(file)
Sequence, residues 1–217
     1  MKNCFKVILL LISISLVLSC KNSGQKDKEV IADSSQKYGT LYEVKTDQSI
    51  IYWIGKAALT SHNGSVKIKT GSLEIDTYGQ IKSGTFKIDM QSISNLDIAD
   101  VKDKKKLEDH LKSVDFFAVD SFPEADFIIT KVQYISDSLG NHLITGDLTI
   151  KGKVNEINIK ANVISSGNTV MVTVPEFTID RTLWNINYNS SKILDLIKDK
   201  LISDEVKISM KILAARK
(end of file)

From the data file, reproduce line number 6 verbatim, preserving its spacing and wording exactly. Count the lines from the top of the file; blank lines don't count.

   201  LISDEVKISM KILAARK